Shower Cleaning with Optimum Products... You know to make the gf happy...


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  • 9 months later...

I've wondered how Opti-Glass would fare being used on shower doors, porcelain sinks and toilet bowls?  As "warm-up", I'm experimenting with the new formula Hyper-Seal in those locations.  So far, the Hyper-Seal  (unlike the SIO2 spray-ons I've tried (TurtleWax, NuFinish, Apex resheet, etc.))  actually fends off hard water rings and makes cleaning easier.  Would Opti-Glass provide more resistance and handle the occasional scrub brush better?   FYI my car's windshield has one of the two - part glass coatings on it, which works OK but isn't all that great at resisting bug guts: unknown whether Opti-Glass would be a better " topper" than the 2 - parter's own "maintenance" treatments.

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  • 5 months later...
  • 2 weeks later...

Update:  found that new formula Opticoat Hyper-seal does a good job fending off stuff in toidy bowls but didn't last all that long on sinks (was hoping it could help keep metal drain surfaces clean but it only lasted a week).

Now having OptiCoat glass coat, I'm curious how long I need to wait for it to fully cure after applying.  The product label suggests 2 minutes are the window for applying and leveling (it warns that if  high spots are left, only polishing will remove them).

As for my car, it currently has Glassparency on all the windows, so I am not sure OptiCoat glass coat would adhere to that (Glassparency has proven OK but nothing special and needs top offs every 3 months).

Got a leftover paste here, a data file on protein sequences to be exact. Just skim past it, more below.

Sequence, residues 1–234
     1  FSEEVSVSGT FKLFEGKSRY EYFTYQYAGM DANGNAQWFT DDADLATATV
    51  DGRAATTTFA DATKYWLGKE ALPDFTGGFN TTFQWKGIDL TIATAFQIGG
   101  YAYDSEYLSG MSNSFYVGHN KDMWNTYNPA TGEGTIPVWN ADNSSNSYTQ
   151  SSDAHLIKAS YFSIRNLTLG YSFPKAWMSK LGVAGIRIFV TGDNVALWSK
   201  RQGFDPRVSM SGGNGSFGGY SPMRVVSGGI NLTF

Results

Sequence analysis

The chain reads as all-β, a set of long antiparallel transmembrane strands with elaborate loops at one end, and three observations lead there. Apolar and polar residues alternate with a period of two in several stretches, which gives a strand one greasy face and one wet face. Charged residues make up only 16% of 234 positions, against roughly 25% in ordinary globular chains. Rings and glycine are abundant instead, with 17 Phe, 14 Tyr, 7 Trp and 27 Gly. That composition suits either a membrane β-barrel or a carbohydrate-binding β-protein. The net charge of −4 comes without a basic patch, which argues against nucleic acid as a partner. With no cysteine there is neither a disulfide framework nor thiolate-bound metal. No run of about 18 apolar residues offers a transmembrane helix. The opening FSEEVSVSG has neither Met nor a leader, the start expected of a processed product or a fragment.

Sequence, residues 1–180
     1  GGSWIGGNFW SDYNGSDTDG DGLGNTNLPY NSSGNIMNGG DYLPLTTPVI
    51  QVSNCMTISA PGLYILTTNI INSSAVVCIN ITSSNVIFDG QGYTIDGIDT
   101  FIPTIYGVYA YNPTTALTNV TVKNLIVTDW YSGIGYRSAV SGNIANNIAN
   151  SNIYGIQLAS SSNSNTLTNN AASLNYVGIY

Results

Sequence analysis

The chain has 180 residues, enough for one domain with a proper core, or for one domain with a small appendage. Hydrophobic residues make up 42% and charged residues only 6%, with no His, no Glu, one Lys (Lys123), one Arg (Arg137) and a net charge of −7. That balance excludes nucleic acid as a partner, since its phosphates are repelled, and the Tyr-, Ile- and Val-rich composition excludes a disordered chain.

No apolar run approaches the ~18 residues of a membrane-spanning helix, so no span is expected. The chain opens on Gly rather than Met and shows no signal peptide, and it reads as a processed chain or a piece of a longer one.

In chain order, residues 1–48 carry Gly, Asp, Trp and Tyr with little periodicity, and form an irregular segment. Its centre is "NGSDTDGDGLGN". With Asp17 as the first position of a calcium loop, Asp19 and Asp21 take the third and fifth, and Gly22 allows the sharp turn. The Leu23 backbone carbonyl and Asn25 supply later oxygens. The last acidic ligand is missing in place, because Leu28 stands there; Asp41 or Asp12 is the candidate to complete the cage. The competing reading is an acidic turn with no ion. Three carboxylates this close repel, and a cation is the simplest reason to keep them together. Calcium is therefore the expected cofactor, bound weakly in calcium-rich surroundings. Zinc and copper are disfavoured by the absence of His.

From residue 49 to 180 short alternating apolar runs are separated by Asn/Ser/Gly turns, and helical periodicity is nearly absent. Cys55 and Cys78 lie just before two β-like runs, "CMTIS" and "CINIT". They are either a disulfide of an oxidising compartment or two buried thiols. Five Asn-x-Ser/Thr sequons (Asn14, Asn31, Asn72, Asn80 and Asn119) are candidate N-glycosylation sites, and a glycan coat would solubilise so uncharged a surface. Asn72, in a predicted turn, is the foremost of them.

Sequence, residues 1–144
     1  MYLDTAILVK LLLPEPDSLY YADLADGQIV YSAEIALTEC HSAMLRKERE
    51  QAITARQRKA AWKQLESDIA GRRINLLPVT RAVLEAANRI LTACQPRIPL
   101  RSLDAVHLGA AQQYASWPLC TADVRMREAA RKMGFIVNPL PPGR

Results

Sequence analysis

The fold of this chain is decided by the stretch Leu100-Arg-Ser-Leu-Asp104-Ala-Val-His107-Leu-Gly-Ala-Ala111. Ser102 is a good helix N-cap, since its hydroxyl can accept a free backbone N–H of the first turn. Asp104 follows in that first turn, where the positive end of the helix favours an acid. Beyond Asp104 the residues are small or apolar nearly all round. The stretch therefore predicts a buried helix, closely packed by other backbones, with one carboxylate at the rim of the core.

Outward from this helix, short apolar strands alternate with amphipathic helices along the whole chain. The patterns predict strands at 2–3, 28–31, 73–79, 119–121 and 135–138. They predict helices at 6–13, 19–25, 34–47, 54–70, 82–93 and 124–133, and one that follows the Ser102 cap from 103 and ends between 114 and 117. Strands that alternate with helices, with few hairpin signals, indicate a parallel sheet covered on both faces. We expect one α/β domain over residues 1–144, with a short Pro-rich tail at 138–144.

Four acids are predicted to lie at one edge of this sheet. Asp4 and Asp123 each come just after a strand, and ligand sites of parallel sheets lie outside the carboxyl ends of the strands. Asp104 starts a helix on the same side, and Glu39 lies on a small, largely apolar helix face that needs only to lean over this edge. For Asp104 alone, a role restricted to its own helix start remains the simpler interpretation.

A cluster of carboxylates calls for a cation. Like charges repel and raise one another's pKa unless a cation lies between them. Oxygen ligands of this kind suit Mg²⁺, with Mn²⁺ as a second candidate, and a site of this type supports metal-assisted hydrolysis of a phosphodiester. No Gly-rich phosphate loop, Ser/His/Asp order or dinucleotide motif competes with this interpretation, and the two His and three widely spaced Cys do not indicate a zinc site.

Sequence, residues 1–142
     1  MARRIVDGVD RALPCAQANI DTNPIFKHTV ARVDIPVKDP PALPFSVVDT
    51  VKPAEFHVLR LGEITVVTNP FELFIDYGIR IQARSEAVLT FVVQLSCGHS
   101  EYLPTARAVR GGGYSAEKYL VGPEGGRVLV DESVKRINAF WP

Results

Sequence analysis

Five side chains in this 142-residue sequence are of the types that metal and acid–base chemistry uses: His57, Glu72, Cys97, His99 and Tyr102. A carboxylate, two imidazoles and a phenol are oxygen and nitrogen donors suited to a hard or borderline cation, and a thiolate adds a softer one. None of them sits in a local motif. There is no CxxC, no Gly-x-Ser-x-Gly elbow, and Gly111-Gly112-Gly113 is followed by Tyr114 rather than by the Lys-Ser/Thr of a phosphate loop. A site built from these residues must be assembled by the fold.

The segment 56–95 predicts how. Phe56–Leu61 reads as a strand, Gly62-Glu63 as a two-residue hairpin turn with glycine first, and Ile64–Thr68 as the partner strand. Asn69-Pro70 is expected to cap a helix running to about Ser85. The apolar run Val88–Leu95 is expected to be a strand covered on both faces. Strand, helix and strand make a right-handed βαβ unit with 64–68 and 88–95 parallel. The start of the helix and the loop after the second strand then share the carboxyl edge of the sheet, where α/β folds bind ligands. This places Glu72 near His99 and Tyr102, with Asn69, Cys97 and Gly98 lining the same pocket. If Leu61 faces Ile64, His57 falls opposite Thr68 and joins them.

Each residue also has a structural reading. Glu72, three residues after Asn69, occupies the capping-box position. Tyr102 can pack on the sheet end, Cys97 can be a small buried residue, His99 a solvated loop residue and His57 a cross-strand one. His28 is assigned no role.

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For that matter, does OptiCoat glass seal adhere well to __clean grout__?  Grout is mostly sand/silica, and the typical "grout sealers" usually last a very short time.  I realize it's definitely an "off label" use, but am curious.

FYI I'm surprised how primitive the other available coatings are for various home products like showers, sinks, glass windows, etc.  It seems silly to rip out older glasswork/porcelain work if there were some good products that could recoat them.

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Yes I know that the uses I've mentioned here are "off label".  Still, homeowners like preserving existing glass/porcelain if possible: they're few "modern" options - most use Carnauba wax.  Replacements cost hundreds to thousands of dollars.

My focus here's on Optimum products that are designed to bond to glass and silica based materials.

Will post results of my tests later.

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